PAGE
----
Theft at Kean University alarms the campus community


Photo of suspect at Military Park Train Station in Newark and 7-Eleven in Elizabeth, N.J.

By Sade Cox

Campus police are investigating two reported thefts in Hennings Hall and the Nancy Thompson Library that investigators believe are connected and which led to one University professor’s stolen credit card being used to purchase expensive monthly commuter train tickets.

The Department of Public Safety and Police Investigations Bureau identified a suspect involved in the Jan. 29 incidents and believes the thefts are connected with similar incidents on and off the campus.

There were two victims involved in the thefts, a female student and a professor. The victims’ identities are confidential.

The female student was targeted in the library when the suspect attempted to grab her backpack, claiming he thought it was his cousin’s bag. The suspect was unable to steal anything in this incident.

“We were able to pull surveillance video of the suspect from the campus library security camera of the suspect going through the student’s bag,” said Detective Michael Gorman, Bureau Supervisor at Kean Police’s Investigations Bureau. “However, we couldn’t get a good look at his face to make an identification.”

The second target was a professor who left her purse unattended in her office in Hennings Hall where her wallet and credit cards were stolen.

“She found out her wallet was stolen when her bank called and told her that her credit cards had been used at random places,” said Gorman.

As shown in the photographs from surveillance videos, the suspect tends to carry a brown satchel and wears a hat, along with bright blue Converse style sneakers. He is an African American male, and believed to be in his fifties or sixties.

The investigation of the professor’s stolen bank card traced the suspect using the card at a New Jersey Transit Military Park train station and a Popeye’s restaurant in Newark and a 7-Eleven in Elizabeth.

Enlisting the assistance of the New Jersey Transit Police Department, Kean Police received a tip that the suspect uses the stolen credit cards at ticket machines to purchase a monthly train pass at an estimated cost of $72. He then sells these passes to passengers waiting on the track for a profit of approximately $50 cash.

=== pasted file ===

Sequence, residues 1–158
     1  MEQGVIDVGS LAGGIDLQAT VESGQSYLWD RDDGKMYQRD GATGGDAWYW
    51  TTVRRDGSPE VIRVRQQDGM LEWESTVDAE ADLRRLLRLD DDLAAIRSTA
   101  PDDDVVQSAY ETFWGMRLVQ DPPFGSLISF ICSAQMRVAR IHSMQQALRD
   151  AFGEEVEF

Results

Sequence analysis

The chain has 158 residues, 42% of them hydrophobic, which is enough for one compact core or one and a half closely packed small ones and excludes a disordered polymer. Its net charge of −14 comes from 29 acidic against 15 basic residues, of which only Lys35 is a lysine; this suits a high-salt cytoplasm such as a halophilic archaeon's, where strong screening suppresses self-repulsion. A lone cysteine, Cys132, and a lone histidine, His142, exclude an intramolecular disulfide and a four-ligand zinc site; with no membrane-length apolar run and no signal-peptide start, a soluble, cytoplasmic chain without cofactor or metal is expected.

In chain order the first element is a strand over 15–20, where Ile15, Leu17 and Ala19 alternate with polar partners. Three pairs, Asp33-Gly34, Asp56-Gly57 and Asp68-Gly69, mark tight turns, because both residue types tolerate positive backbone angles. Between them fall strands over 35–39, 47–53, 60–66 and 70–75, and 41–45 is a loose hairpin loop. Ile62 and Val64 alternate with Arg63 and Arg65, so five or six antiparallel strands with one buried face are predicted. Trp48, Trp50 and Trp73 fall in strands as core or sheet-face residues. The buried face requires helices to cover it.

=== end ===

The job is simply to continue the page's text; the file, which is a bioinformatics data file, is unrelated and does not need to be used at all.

“A person may believe they are getting a good deal by purchasing passes from panhandlers for a cheaper price,” said Gorman. “Unfortunately, the ticket machine doesn’t require any pin to use a credit card.”

The suspect will keep swapping the card until it is reported stolen and declined. The suspect will then throw it away and keep using other cards.

According to Gorman, police installed a pin hole, or a disguised camera, in the ticket machine at the train station.  By doing this, the Kean Police department was able to track the credit card, the amount of money spent, time and location of the suspect.

The camera caught a clear photo of the suspect, but police are still having trouble identifying the perpetrator. The image of the suspect from the pinhole camera was sent to every police department in the state of New Jersey.

The Kean Police department reached out to students and faculty on Feb. 11 asking for students to be on the lookout for the offender.

The Kean S.A.F.E. initiative and the town of Union has been assisting the Kean police department to report any suspicious activities. Since the incident there have not been any more reports of theft.

Members of the University community who either lose, or have personal items stolen, should report the incident to campus police, authorities said.

“The crime rates on campus are lower than ever before because more people are connected with CampusAlerts to report any suspicious activity on campus, according to Gorman.

The suspect was last seen by train passengers in Rahway.

Rahway police are assisting in investigation. If anyone has any information, contact the Public Safety Department at 908-737-4800.

“There are 15,000 eyes in the Kean community to alert the police if they see him again,” said Gorman.

Comments - review our comment policy